Building a High-Availability MySQL Clusterby Kris Buytaert
Today's enterprise depends on the availability of mail and web services. Failure is never far away, whether it be a hardware failure or a human error. We have to try to make an infrastructure as highly available as possible.
When building highly available clusters, people often choose one extra physical machine per service, creating an A-B, fail-over schema. With static websites, there is no problem making the application highly available; you can just store the data in two places. However, the moment you add a database to your environment, things start to become more difficult. The easy way out is to move the database to a different machine and move that server into a SEP field.
That's not how we do it. In the old days when sites became too heavily loaded, we used MySQL replication to create multiple read-only copies of the database, which LVS load balanced. This, however, meant that we had to modify the application itself so that it could only write to the master node.
Later, many people tried to create a replication environment that implemented high availability. All of them struggled with the problem that they couldn't exactly define where a node failed, so it was possible to lose records. Also, recovering from a failover seemed to be a difficult task.
In late 2004 and early 2005, MySQL announced MySQL Cluster--the NDB storage engine from MySQL that plugs into the MySQL environment. With this cluster environment, I built a highly redundant environment. This article discusses how to do it yourself.
Hold on before you decide to implement MySQL cluster, as it certainly doesn't suit all jobs yet. The MySQL NDB engine currently runs its database completely in memory. This means that you have to be able to fit your database in memory. If you have a 1GB dataset and you want to have your data spread over two nodes, you need 1GB of memory per node. If you have four nodes, you can deal with 512MB per node. The first thing that becomes clear is that you have to look at your dataset. Giant data-warehousing databases won't fit into the MySQL NDB engine yet. Today, you might need to look at commercial alternatives such as Continuent, the former Emic Networks.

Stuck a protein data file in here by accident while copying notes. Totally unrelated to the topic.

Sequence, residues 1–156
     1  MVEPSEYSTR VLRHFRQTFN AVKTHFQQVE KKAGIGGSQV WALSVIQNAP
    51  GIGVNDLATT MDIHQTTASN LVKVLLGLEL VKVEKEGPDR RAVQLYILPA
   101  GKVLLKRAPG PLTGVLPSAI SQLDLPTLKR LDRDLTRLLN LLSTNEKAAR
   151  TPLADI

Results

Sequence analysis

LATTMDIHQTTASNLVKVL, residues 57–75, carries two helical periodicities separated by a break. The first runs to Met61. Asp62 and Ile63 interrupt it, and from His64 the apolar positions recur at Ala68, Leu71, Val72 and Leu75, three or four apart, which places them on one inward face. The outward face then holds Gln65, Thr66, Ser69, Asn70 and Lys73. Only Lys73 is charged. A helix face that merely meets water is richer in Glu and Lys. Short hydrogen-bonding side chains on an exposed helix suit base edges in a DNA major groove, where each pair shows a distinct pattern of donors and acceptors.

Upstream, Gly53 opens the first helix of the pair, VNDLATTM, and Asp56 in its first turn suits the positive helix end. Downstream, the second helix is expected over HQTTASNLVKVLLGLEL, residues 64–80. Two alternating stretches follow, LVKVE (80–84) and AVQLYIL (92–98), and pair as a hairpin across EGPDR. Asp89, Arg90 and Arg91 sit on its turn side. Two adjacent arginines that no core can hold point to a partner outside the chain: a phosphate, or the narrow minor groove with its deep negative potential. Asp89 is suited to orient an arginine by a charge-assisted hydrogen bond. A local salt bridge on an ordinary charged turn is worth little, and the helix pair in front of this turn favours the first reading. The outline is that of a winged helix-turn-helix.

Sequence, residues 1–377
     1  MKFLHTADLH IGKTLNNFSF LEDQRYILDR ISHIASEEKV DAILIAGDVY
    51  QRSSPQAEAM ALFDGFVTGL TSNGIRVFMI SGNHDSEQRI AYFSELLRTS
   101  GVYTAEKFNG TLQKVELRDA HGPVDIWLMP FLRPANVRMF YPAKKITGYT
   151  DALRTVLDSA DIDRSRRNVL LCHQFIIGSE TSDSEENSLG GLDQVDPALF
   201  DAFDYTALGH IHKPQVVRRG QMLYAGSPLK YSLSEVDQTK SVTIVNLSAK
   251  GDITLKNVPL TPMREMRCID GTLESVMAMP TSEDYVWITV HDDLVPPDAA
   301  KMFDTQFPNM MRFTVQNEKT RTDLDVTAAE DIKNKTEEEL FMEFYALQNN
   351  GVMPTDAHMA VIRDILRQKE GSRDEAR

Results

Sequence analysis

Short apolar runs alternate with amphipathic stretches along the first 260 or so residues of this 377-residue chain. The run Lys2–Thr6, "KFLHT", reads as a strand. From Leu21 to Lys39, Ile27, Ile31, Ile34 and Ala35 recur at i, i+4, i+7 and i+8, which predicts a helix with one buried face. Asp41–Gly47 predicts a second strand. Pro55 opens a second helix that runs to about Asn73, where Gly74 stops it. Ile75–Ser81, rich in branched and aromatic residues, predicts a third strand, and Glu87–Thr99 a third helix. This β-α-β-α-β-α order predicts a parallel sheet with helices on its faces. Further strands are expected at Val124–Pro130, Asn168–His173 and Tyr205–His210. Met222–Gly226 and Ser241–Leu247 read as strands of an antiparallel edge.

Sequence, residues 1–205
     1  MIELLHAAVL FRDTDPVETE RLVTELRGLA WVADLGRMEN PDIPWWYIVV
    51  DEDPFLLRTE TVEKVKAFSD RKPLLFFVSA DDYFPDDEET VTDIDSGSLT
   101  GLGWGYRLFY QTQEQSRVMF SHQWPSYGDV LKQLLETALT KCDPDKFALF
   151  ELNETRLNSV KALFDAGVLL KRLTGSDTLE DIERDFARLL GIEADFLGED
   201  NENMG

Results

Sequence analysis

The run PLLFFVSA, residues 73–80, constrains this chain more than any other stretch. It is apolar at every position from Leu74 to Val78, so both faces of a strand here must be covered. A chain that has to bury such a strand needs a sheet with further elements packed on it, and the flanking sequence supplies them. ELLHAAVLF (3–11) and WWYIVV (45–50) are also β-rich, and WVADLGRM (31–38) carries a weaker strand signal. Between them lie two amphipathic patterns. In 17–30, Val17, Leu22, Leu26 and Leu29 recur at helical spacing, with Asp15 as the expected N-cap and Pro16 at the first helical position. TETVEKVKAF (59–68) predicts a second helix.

Secondly, this article is about building a truly available MySQL cluster, which means it focuses on high availability, not on high throughput. If your database is suffering from too-high loads, you still might want to look back at replication in combination with LVS.
The MySQL NDB storage engine consists of different parts:
ndb_mgmdis the NDB management daemon. This daemon manages the cluster. It should start first in order to monitor the state of the other parts. The management daemon can arbitrate who becomes master and which nodes have to be disconnected from the cluster. It is also capable of (re)starting different nodes and starting backups. The other nodes will ask the management node for their configuration details, but from then on, they don't really need the management node anymore. You can easily stop and start the management node while not disturbing the cluster, as long as no other fault happens during this restart. The management node listens on port tcp/1186 (tcp/2200 in older versions).
ndb_mgmis the management client. It sends commands to
ndbdis the actual network database engine. You need at least the number of nodes equal to the amount of replicas you want. To spread data over multiple nodes, increase the number of nodes.
mysqldis the standard SQL node that connects to the
ndbdfor NDB engine type storage. It still can use MyISAM or InnoDB tables.
Standard MySQL clients connect to the SQL node and won't notice the difference between a MyISAM or InnoDB query, so there is no need to change the API.
In order to achieve high availability, you need at least three nodes: one management node, and two different replica nodes for